After this I saw four angels standing at the four corners of the earth, holding back the four winds of the earth, that no wind might blow on earth or sea or against any tree. Then I saw another angel ascending from the rising of the sun, with the seal of the living God, and he called with a loud voice to the four angels who had been given power to harm earth and sea, saying, “Do not harm the earth or the sea or the trees, until we have sealed the servants of our God on their foreheads.” And I heard the number of the sealed, 144,000, sealed from every tribe of the sons of Israel: 12,000 from the tribe of Judah were sealed, 12,000 from the tribe of Reuben, 12,000 from the tribe of Gad, 12,000 from the tribe of Asher, 12,000 from the tribe of Naphtali, 12,000 from the tribe of Manasseh, 12,000 from the tribe of Simeon, 12,000 from the tribe of Levi, 12,000 from the tribe of Issachar, 12,000 from the tribe of Zebulun, 12,000 from the tribe of Joseph, 12,000 from the tribe of Benjamin were sealed.


These are the people of God.  Marked by God.  Sealed by God.  It’s not the first time the tribes of Israel were sealed.  There’s a connection here to the Passover, where the angel of God waited for the Israelites to be sealed, a mark of blood on their doorposts.  And when the angel saw that mark, he spared them, he moved on.  Saved by the blood of the lamb.  By the mark of God.

But it’s not past tense.  These 144,000 are the people of God.  Israel is no longer a physical nation.  It’s a people, it’s the church.  That’s an entirely different sermon.  But we are the 144,000.  It’s a number of numbers.  A number of completion.  Twelve squared, the number of tribes, the number of the disciples of Christ.  Twelve squared times ten cubed.  Ten, roundness, perfection, three times the number of the Trinity.  Revelation does a lot with numbers.  Again, a different sermon.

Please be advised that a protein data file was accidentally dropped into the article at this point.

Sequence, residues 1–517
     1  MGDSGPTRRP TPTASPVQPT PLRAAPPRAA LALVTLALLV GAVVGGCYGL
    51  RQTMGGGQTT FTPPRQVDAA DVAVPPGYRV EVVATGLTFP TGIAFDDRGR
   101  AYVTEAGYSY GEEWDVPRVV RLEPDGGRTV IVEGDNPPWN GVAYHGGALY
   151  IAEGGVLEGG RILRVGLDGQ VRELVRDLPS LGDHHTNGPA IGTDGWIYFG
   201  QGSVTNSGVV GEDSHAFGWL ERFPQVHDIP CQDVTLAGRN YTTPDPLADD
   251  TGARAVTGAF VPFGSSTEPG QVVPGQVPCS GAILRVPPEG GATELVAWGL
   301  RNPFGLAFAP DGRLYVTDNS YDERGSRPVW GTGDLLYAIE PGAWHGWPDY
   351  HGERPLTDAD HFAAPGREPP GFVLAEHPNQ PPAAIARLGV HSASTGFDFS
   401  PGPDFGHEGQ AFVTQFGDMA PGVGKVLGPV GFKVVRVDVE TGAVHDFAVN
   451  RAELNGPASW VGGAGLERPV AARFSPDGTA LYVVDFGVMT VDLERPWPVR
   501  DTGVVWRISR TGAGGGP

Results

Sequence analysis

It is enough today simply to know that you are the people of Revelation chapter 7.  You are the church militant as it is often called.  The military, the army of God.  His people, created for a purpose, with things to do, with a war to be fought.  For as long as we live, we are a part of the church militant, the church here on earth.

And then there’s our text for the day.  Part two of this interlude.  Part two of this vision of comfort.

After this I looked, and behold, a great multitude that no one could number, from every nation, from all tribes and peoples and languages, standing before the throne and before the Lamb, clothed in white robes, with palm branches in their hands, 10 and crying out with a loud voice, “Salvation belongs to our God who sits on the throne, and to the Lamb!” 11 And all the angels were standing around the throne and around the elders and the four living creatures, and they fell on their faces before the throne and worshiped God, 12 saying, “Amen! Blessing and glory and wisdom and thanksgiving and honor and power and might be to our God forever and ever! Amen.”